Krista JÑnnÑri-3

Krista’s story

Designing a new life

When Krista Jännäri, an art director who runs her own advertising agency, received an invitation for a breast cancer screening mammography in autumn 2012, she almost didn’t go.

“Two years earlier I’d gone for a mammogram and nothing was detected. There was no family history of cancer, and I was very busy with work and home,” says Jännäri, 57, the mother of two young women in their early 20s.

Her last-minute decision to go was life changing.

“Shortly after the mammogram, I was diagnosed with breast cancer,” says Jännäri.

Easing the shock

The diagnosis date was November 23rd. Two weeks later, on December 4th, Jännäri underwent surgery as a patient at Docrates.

“I knew very little about cancer care, so I was very fortunate to be guided to Docrates by radiologist Marina Rosliakova at the clinic where I received my diagnosis. She advised me that if I could, I should go to Docrates because it’s the best in Finland.

Jännäri contacted her insurance provider, Mandatum Life, and when they assured her that all of her treatment would be covered, she got back to Rasnikova, who wrote up the necessary documents. “The sooner that I could get the paperwork to Docrates, the better to get the ball rolling, so to speak,” says Jännäri.

Fast care pathway

Then Jännäri drove from her home in Nurmijärvi, a rural community about 40 kilometres from Helsinki, picked up the documents and took them to Docrates. She was in for a series of pleasant surprises.

“There was Patient Service Coordinator Arja Vilkko waiting for me in the lobby of Docrates at a quarter to four on a Friday afternoon. Together we filled out all the necessary paperwork in a place that doesn’t look or smell like a hospital,” recalls Jännäri.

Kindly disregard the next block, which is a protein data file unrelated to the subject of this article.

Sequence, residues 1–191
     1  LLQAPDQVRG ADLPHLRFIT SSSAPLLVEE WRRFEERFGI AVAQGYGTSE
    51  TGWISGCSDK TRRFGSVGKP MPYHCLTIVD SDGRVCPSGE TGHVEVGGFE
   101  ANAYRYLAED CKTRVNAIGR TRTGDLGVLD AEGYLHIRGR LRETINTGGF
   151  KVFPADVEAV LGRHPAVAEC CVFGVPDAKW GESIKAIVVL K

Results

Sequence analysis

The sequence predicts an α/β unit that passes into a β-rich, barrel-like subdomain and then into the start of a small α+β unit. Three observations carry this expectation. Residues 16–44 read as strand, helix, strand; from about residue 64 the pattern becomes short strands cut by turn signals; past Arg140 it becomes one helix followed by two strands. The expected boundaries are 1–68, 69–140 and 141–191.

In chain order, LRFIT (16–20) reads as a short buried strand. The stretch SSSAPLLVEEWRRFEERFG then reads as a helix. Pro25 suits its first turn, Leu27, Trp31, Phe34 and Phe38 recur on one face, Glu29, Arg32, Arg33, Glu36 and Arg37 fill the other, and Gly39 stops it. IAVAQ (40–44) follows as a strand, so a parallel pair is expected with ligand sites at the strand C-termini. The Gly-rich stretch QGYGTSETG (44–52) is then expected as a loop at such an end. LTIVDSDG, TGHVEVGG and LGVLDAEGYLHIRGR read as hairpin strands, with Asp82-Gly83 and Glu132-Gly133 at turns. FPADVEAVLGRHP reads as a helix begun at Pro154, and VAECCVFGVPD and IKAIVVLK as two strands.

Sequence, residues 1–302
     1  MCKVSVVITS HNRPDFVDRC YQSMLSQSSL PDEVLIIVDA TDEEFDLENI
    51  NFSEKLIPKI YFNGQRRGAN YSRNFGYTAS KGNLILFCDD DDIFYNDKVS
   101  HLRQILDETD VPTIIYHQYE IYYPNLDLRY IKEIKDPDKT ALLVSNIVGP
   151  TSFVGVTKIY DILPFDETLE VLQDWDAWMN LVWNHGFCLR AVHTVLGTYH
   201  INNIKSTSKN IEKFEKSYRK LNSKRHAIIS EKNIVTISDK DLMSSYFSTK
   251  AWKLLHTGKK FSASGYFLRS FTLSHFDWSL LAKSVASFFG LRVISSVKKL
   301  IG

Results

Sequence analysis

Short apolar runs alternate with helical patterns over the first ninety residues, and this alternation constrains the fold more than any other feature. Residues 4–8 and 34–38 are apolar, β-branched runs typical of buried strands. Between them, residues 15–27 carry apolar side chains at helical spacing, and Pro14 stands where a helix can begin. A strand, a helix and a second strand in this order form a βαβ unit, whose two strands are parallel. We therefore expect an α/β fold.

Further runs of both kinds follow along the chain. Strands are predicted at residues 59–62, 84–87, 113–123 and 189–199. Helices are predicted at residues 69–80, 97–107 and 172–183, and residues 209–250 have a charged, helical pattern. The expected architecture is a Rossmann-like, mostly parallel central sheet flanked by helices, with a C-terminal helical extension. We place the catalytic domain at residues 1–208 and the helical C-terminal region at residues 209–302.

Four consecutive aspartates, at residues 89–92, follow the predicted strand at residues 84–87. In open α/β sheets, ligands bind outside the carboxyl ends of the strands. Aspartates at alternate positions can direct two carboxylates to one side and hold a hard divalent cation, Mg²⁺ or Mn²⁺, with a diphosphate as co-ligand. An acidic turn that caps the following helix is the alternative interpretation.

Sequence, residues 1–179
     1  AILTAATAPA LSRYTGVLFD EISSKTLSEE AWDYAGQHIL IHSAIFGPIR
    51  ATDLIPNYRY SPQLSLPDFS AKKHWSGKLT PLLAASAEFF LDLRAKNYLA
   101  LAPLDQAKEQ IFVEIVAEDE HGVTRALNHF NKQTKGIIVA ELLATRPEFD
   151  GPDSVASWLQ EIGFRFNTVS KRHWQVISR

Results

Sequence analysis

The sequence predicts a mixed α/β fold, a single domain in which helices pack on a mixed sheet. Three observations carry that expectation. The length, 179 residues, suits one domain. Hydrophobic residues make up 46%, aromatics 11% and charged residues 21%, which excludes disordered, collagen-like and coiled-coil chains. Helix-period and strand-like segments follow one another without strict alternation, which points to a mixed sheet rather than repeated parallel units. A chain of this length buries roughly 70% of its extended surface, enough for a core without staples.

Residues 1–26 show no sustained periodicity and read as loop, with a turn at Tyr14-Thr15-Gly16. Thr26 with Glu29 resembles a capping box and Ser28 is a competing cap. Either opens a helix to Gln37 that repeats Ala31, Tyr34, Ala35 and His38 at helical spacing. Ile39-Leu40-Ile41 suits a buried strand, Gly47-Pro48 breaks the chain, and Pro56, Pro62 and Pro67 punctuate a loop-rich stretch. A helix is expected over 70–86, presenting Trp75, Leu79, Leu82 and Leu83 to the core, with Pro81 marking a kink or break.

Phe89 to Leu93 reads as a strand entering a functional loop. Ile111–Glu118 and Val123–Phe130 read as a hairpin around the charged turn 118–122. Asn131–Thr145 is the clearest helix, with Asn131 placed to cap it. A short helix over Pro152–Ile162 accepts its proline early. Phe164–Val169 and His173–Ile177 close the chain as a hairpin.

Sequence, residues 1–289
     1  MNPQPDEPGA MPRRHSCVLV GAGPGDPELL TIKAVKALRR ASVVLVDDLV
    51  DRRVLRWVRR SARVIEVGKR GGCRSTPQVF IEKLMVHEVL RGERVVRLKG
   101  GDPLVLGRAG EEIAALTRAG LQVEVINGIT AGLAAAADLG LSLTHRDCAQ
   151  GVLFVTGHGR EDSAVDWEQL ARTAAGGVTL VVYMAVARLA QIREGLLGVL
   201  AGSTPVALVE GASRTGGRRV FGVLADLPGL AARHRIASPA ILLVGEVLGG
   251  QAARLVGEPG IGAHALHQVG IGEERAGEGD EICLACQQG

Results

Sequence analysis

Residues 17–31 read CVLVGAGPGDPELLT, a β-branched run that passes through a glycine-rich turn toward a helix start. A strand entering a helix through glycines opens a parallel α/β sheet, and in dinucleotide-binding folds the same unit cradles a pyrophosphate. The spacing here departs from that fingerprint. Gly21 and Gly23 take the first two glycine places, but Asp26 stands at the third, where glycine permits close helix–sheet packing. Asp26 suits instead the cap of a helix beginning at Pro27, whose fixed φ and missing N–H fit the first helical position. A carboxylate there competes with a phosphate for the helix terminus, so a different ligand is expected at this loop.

“I was probably experiencing some kind of initial shock – thinking I have cancer, I could die from this – when Arja inquired whether I was in a hurry. Because if not, Docrates’ Chief Medical Director doctor Timo Joensuu would be able to see me immediately.

“Well, my jaw dropped: I’m used to hearing that perhaps in a month’s time there might be an appointment with a specialist!”

Upstairs in his office, Dr Joensuu explained to Jännäri what breast cancer is on general level, what had been detected in her ultrasound, and what would happen next. “Then, he consulted his schedule and very casually asked me: ‘What’s your schedule like next week? Would you like to be operated on next week?’”

“I couldn’t believe it! I’ve heard of women having to wait six weeks or more for surgery,” says Jännäri.

Jännäri went for surgery on December 4th at Laser Tilkka, a family-owned private care facility where Docrates’ surgeries are carried out.

“My doctor, Tiina Jahkola, a top plastic surgeon specialized in breast cancer, asked if I had some extra money, as she would like to operate on my healthy breast at the same time so that it would be the same size as the other one,” says Jännäri.

“It was reassuring because frankly the last thing on your mind when you’re thinking about whether you’re going to live or die is whether your breasts will be the same size. My husband gave me the other breast as a Christmas gift,” she says, laughing.

Life goes on